On that topic, the FDA’s potential involvement means eligible cannabis brands may finally be able to claim USDA Organic status. However, it’s important for brands to recognize that, as it currently stands, food products treated with ionizing radiation to reduce yeast and mold counts are ineligible to be USDA Organic by FDA standards. It’s fair to assume cannabis products treated with ionizing radiation, such as X-ray, will also be ineligible for USDA Organic status, especially medical products.
Instead, the FDA could implement its current rule for food products treated with ionizing radiation and require cannabis products treated with that technology to be labeled with the Radura, the international symbol that signifies a product has been irradiated. This label update could have a negative impact on a brand’s consumer trust and loyalty.
Time will tell whether the US federal government decides to reschedule marijuana as a Schedule III substance, but one thing that’s for certain is change at the federal level is coming, and cultivators need to have a plan in place for whenever federal oversight begins. For those concerned about passing regulatory compliance for mold and yeast content but not willing to compromise their product with ionizing radiation, non-ionizing radiation like Radio Frequency could be the answer.
Radio Frequency is already used to remediate foods like nuts and seeds, which are all regulated by the FDA. The technology is approved for USDA Organic operations as it has no impact on a product’s molecular structure. It simply uses long radio wavelengths to create an oscillating electromagnetic field around and within the product, causing moisture molecules to sync with the vibration and rotate in unison with it. The friction this generates creates enough heat to kill microbial pathogens without getting too hot to degrade or decarb THC, maintaining the chemical integrity of the plant.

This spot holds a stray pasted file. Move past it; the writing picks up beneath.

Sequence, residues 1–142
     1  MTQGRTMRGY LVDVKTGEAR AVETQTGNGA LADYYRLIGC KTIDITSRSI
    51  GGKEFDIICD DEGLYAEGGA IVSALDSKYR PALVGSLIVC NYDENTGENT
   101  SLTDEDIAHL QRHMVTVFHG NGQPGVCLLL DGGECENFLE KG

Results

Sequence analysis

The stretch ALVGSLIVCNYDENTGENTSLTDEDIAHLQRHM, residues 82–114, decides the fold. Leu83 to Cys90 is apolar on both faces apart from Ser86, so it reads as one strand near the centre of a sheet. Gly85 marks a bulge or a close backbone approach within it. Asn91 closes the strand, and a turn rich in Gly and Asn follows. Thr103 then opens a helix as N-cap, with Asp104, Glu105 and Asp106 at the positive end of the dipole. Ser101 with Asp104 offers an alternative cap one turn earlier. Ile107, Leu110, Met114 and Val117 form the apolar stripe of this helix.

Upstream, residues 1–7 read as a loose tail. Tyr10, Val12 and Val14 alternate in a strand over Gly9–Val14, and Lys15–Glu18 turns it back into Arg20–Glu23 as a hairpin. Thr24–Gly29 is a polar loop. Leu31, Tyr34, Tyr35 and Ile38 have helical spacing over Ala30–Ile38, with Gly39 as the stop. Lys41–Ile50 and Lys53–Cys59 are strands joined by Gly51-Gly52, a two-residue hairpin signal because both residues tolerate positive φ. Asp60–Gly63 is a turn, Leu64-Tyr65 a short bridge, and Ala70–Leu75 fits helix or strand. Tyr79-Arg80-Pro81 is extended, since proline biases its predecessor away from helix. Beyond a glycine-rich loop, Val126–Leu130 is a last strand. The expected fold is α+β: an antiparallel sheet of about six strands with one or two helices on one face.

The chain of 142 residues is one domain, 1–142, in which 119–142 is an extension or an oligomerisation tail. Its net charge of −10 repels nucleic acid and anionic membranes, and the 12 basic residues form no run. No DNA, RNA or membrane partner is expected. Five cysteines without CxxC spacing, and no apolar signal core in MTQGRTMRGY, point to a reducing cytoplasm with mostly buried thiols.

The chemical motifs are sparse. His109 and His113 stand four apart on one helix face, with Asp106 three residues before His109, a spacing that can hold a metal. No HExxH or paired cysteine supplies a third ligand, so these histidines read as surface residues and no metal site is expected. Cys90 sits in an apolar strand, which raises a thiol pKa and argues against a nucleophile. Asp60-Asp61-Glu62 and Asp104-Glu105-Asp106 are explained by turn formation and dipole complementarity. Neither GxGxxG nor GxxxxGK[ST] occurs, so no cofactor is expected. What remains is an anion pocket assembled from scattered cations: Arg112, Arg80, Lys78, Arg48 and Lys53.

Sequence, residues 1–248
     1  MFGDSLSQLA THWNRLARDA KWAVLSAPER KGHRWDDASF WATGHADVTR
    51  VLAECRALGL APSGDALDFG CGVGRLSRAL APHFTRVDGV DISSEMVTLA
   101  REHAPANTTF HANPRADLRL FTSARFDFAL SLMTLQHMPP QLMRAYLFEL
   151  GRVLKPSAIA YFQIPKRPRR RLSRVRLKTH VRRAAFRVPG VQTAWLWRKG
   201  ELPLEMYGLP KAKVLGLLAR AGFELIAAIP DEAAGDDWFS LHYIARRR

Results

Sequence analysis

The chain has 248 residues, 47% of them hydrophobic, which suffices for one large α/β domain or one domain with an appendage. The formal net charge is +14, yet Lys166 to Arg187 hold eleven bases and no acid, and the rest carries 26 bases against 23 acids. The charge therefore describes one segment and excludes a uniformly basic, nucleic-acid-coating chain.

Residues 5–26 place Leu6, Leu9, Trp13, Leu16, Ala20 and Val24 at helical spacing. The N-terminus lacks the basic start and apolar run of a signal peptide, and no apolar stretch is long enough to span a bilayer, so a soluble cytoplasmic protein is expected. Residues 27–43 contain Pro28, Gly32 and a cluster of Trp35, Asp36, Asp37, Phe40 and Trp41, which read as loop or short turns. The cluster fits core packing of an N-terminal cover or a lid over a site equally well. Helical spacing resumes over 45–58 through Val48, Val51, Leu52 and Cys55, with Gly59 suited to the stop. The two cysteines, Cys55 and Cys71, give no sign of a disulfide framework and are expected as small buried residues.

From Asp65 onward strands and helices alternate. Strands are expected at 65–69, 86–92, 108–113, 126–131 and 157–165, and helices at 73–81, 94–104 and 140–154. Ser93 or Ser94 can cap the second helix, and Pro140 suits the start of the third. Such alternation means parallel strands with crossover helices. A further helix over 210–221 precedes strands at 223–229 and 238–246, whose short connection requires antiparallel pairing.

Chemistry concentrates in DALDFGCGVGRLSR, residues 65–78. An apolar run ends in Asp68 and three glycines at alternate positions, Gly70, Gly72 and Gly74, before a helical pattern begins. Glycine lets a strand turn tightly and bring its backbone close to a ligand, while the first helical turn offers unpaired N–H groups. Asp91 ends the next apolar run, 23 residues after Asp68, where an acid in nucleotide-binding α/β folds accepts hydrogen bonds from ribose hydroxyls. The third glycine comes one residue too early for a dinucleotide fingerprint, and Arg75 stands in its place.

Ziel is the cannabis industry’s leader in Radio Frequency remediation, having been granted the first-ever U.S. Patent for processes that include the treatment of cannabis with Radio Frequency in 2020. To learn more about what Ziel can do for your operation in preparation of federal change, contact us today.
U.S. Consumers and Growers Remain Concerned About Cannabis Treated With Ionizing Radiation
“Cannabis irradiation poses quandary for growers, scares consumers” by David Hodes of MJBizDaily explores the reasons why some cannabis cultivators feel forced to irradiate their flower despite the potential harm it could cause their product and their customer base. Hodes talks with laboratories in the U.S., as well as European cultivators, to learn why consumers remain wary of cannabis treated with ionizing radiation and what U.S. regulators can learn from the microbial guidelines of established cannabis markets.